Archived:Flash lite localisation
The following is one way of localising texts at runtime. In order for it to work, the SWF needs to be packaged, since the localisation text files will be separate.
For a more advanced example with a helper class go to Advanced example and helper class section at the bottom of the page!
Set variables to Dynamic text fields
To be able to switch the texts at runtime, you need to define your texts as dynamic text fields and you need to set a variable for each of them.
- Add a dynamic text field (or change the text field to dynamic)
- In the field's Properties panel set the Variable field in the Options section to the desired value
Save the localisation data to an external text file
To be able to localise the text properly, the translator need some information. Please make sure you provide enough data for a correct translation to be possible. Also, it is very important to let the translator know how much room the text has on the screen.
You could format the string in the following manner, following the Symbian i18n guidelines.
//d: A descriptive text, describing the use of the text string and it's
//d: dependencies. Should be more than a few words and can extend to several
//d: lines. This must always preceed the actual string definition
//l: Information about the layout use one of the predefined values
&logical_name=The localisation string&
NOTE: all characters, also linebreaks and whitespace between the "equals" sign (=) and the next ampersand (&) will be returned as the value
Detecting the device language and loading the floc file
The following code uses first the fscommand "GetLanguage" to set the value of variable isoLang to the devices language. The returned value may vary a bit, but at least in the S60 5th edition devices the value is <ISO639‑1 language alpha-2>-<ISO3166‑1 country alpha-2>, for example en-GB or es-ES.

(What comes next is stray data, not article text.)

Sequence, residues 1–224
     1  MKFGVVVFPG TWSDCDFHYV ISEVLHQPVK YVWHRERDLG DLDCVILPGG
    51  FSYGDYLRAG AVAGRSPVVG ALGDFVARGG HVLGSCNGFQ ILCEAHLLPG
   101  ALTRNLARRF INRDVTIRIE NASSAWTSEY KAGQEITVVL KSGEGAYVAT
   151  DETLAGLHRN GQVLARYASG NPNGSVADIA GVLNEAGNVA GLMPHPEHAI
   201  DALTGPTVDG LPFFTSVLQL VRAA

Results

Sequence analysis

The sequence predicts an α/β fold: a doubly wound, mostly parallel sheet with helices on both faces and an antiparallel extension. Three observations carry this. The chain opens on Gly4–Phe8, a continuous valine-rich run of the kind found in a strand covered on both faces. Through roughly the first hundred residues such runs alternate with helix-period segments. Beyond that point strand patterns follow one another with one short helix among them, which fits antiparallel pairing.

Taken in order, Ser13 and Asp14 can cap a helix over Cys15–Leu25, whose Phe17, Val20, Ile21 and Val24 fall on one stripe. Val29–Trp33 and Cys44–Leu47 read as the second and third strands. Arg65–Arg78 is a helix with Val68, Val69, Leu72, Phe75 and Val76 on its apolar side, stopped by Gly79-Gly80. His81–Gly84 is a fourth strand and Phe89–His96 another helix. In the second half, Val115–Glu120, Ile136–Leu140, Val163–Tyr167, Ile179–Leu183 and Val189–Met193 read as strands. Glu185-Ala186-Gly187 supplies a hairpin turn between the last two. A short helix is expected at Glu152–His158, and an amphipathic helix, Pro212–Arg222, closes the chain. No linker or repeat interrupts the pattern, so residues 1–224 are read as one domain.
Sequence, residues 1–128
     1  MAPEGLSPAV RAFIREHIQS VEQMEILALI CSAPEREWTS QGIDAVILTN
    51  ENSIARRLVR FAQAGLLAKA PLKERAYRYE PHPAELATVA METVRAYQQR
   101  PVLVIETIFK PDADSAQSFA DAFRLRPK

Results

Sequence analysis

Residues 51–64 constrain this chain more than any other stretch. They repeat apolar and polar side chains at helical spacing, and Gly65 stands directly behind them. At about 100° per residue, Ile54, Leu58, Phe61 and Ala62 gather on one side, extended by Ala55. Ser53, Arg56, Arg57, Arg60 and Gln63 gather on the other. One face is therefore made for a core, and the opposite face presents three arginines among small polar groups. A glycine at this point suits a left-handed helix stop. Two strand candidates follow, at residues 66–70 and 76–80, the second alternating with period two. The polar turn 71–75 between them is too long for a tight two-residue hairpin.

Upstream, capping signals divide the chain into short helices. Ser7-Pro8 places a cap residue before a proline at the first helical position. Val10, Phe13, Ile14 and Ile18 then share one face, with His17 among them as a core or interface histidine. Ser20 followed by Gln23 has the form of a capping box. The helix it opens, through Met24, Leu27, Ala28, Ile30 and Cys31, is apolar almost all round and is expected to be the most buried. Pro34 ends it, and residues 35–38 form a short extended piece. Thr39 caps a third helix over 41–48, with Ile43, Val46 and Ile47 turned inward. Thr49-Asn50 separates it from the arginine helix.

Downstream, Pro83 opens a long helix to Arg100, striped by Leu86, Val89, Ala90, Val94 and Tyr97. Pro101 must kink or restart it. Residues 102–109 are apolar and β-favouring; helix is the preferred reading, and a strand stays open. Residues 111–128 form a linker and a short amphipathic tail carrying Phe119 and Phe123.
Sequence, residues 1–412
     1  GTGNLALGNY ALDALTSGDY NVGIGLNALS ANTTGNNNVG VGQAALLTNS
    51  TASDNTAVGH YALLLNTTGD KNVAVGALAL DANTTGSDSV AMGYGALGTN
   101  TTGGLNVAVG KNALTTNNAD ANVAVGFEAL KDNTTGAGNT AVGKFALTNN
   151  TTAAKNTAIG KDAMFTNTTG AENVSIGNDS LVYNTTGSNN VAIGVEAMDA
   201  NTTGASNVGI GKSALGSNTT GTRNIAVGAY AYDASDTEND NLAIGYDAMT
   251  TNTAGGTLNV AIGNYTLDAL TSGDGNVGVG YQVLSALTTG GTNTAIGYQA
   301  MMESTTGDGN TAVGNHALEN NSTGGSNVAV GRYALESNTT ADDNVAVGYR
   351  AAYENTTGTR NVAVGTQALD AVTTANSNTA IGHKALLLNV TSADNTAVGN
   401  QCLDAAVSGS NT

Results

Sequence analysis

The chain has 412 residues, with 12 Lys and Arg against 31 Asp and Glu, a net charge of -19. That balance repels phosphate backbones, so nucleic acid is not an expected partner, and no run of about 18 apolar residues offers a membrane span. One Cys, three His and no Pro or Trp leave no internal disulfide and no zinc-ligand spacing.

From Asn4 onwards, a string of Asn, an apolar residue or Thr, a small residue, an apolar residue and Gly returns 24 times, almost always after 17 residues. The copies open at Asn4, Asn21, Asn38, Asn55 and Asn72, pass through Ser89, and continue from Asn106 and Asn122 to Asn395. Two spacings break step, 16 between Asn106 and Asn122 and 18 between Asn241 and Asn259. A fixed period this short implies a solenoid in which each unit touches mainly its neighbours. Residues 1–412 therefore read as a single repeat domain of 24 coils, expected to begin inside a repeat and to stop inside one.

status = fscommand2("GetLanguage", "isoLang");
The second line uses the language information to load the variable data to the dynamic text fields. In this example, the file is given an extension .loc but it is not an official file extension...
The following example (Adobe Flash Professional CS4) uses the method described above.
Advanced example and helper class
This package contains a similar Flash CS3 FLA file as the basic example, but it includes a very handy helper class to do most of the work for you automatically. It had been developed as a part of an application already in Nokia Store after which it was generalised and open sourced for use in any other project!
What does Language.as class do for you?
- gets the system language
- intelligently tries to match it with the list of available languages
- first trying a full match
- if that fails trying to match only the language
- and finally as a last resort loading the default one you can specify
- loads the text labels from the external files automatically
- does the loading asynchronously and gives you a hook to a callback function
- makes all the labels available as static variables, so no need to pass an instance of the Language class around, you can access text labels from anywhere
- works perfectly as part of a more advanced, class based project, in fact it`s MTASC strict compliant
- copy in Language.as and Delegate.as in your project folder
- paste in to and edit code in your project from FLA example
- edit FLOC files
- update variables in Language.as based on your FLOC files (FLOC variable name = Language.as variable name in uppercase, Language.as loader handles this automatically)
- package your FLOC files together / next to your SWF
- automatically load the right language runtime before drawing your GUI